INTERVENTIONS: At last, the patient chose chemoradiotherapy, not surgical excision.
OUTCOMES: The patient is alive and well 13 months after the initial diagnosis.
LESSONS: ACC in the vagina is extremely rare. To our knowledge, this report is the first case of ACC arising from the vagina in English-language literature. Extensive surgical section of the tumour and chemoradiotherapy are recommended for therapy. Because of rarity, the prognosis of ACC in vagina is not known.
Outcomes after definitive re-irradiation with 3D brachytherapy with or without external beam radiation therapy for vaginal recurrence of endometrial cancer.
Gynecol Oncol. 2019; 152(3):581-586 [PubMed] Related Publications
METHODS: A retrospective review was performed on 22 patients treated with definitive-intent re-irradiation brachytherapy ± EBRT for vaginal recurrence of endometrial cancer. The cumulative rectosigmoid and bladder D2cc (EQD2) were limited to <75 Gy and <90 Gy, respectively. Kaplan-Meier and Cox proportional hazards modeling were used to estimate survival. Severe (grade 3 or higher) radiation-related toxicities, defined according to CTCAE v4, were recorded.
RESULTS: Prior radiation therapy consisted of vaginal brachytherapy (54.5%), pelvic EBRT (22.7%), or combination pelvic EBRT and brachytherapy (22.7%). Median re-irradiation interval was 26.6 months. Salvage re-irradiation consisted of EBRT with brachytherapy in 50.0% and brachytherapy alone in 50.0%. Median HR-CTV D90 (EQD2) was 64.5 Gy (IQR: 49.6-75.8). Median cumulative D2cc for bladder, rectum, and sigmoid were 72.1 Gy (range: 30.3-81.8), 70.6 Gy (range: 32.0-80.5), and 52.7 Gy (range: 29.6-75.3), respectively. At a median follow-up of 27.6 months, 3-year local control, regional control, disease-free survival, and overall survival rates were 65.8%, 76.6%, 40.8%, and 68.1%, respectively. There were no grade ≥ 3 acute or late rectosigmoid or bladder toxicities.
CONCLUSION: Re-irradiation with 3D conformal brachytherapy for vaginal recurrence is feasible and safe as long as cumulative dose to surrounding normal organs is limited, and offers a chance to potentially salvage 40% of patients presenting with vaginal recurrence in the setting of prior pelvic radiation.
Intestinal-type adenocarcinoma of the vagina: clinico-pathologic features of a common tumor with a rare localization.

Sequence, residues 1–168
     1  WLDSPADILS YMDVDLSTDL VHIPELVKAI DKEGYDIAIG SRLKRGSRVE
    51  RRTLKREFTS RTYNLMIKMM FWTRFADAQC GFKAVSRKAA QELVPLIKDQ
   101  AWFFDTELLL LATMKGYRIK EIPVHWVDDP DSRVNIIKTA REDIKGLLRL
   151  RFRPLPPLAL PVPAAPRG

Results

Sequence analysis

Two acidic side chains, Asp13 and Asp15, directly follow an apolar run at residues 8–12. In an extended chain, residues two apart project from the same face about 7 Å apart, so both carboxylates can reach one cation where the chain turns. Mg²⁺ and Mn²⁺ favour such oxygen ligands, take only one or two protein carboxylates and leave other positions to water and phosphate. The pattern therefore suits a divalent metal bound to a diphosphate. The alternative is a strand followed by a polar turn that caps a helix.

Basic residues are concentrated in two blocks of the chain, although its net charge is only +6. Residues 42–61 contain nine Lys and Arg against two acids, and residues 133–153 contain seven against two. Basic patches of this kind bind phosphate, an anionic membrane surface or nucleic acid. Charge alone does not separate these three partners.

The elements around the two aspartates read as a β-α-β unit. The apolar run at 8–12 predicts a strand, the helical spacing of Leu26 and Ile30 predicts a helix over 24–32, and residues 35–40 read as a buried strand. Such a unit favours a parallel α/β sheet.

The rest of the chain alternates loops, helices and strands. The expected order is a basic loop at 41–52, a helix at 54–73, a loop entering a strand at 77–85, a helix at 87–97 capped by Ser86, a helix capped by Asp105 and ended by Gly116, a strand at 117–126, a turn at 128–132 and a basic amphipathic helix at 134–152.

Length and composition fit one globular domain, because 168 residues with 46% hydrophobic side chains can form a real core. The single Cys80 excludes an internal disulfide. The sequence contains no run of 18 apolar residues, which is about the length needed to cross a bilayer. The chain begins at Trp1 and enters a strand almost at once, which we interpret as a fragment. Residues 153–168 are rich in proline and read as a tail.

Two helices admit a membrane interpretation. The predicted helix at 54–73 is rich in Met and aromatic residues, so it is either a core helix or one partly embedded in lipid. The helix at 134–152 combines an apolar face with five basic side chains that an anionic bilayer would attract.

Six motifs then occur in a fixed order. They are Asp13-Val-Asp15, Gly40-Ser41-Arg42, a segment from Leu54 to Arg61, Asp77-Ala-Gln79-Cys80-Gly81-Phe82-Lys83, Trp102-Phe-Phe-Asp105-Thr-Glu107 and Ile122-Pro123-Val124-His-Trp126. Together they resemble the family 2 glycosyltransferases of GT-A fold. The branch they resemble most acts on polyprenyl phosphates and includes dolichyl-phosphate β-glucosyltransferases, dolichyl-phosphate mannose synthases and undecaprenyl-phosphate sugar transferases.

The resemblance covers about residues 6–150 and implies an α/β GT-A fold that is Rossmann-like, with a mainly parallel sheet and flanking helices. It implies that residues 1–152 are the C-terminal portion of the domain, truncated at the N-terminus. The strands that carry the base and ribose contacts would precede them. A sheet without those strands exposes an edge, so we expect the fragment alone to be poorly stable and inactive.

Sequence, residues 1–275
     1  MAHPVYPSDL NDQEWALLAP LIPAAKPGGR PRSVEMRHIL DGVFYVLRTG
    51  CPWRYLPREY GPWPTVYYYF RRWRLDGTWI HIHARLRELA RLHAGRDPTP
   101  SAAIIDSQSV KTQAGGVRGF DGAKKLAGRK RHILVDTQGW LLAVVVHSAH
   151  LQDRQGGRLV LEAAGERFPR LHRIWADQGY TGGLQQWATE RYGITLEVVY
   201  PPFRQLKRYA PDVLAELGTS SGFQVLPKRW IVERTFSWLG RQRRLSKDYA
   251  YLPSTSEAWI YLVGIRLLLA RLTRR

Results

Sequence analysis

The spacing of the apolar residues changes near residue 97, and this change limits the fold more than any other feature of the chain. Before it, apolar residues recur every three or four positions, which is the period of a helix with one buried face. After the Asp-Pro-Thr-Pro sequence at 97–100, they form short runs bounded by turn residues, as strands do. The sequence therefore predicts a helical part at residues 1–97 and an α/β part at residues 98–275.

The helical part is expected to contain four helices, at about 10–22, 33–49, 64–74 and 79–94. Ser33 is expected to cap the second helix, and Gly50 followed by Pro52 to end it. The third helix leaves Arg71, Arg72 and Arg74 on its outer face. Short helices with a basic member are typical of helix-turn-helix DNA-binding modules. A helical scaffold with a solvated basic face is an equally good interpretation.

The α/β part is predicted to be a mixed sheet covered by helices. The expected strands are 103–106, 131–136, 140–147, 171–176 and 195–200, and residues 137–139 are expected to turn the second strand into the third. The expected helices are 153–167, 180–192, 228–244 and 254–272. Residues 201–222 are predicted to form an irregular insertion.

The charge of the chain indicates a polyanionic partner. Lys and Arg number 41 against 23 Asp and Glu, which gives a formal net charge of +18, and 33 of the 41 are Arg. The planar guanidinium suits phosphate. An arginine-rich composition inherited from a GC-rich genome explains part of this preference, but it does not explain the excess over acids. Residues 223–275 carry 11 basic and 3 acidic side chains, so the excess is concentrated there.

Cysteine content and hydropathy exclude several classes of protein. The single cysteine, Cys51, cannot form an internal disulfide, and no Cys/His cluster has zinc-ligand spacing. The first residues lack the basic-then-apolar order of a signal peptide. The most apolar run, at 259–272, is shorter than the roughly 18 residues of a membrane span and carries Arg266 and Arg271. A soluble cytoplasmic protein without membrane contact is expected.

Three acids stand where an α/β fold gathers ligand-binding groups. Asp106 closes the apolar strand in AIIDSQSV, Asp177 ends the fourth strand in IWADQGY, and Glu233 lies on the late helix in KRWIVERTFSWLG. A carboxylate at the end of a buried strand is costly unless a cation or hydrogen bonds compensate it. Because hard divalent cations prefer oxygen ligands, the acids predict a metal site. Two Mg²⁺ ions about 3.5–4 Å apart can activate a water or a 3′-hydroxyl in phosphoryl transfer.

Pathologica. 2018; 110(2):92-95 [PubMed] Related Publications
As morphologic and immunohistochemical features of intestinal-type adenocarcinoma occurring primarily in the vagina are not specific, clinical and radiologic information is crucial to exclude a metastatic lesion.
Herein we present a rare case of intestinal-type adenocarcinoma from a villous adenoma, presenting as a polypoid mass in the posterior wall of vaginal introitus of 51-year-old menopausal woman. To the best of our knowledge, only 19 cases of intestinal-type adenocarcinoma of the vagina have been reported in the English literature so far. Notably the origin from a previous villous adenoma has been well documented only in a few cases.
Primary malignant melanoma of the vagina: Report of two rare cases.
J Cancer Res Ther. 2018 Oct-Dec; 14(6):1439-1441 [PubMed] Related Publications
Amelanotic primary vaginal melanoma: A case report with cyto-histological correlations.
Diagn Cytopathol. 2019; 47(3):230-233 [PubMed] Related Publications
Importance of Colposcopy Impression in the Early Diagnosis of Posthysterectomy Vaginal Cancer.
J Low Genit Tract Dis. 2019; 23(1):13-17 [PubMed] Free Access to Full Article Related Publications
MATERIALS AND METHODS: A retrospective study was performed in the Obstetrics and Gynecology Hospital of Fudan University. Posthysterectomy patients who were diagnosed with vaginal high-grade intraepithelial lesion (HSIL) by colposcopy-directed biopsy with colposcopy impression of extensive HSIL or suspicion of cancer and underwent upper or total vaginectomy from January 2009 to December 2017 were included.
RESULTS: Eighty-six posthysterectomy vaginal HSIL patients were included. Available abnormal cytology and positive hrHPV were observed in 90.7% (49/54) and 96.2% (51/53) of the patients, respectively. A total of 18.6% (16/86) of the patients were diagnosed with squamous cell cancer by vaginectomy, and the average interval between hysterectomy and vaginectomy was 3.5 years. Among them, 62.5% (10/16) cancers occurred after hysterectomy for cervical cancer, 31.2% (5/16) after hysterectomy for cervical precancer, and 6.3% (1/16) after hysterectomy for myoma. An indication for hysterectomy (cervical cancer vs HSIL, odds ratio = 7.2, 95% CI = 1.9-28.0, p = .004) and colposcopy impression of vaginal cancer (vaginal cancer vs HSIL, odds ratio = 5.9, 95% CI = 1.3-26.8, p = .021) were high-risk factors of cancer confirmed by vaginectomy in colposcopy-directed biopsy vaginal intraepithelial neoplasia 2/3 posthysterectomy in multiple logistic regression analysis.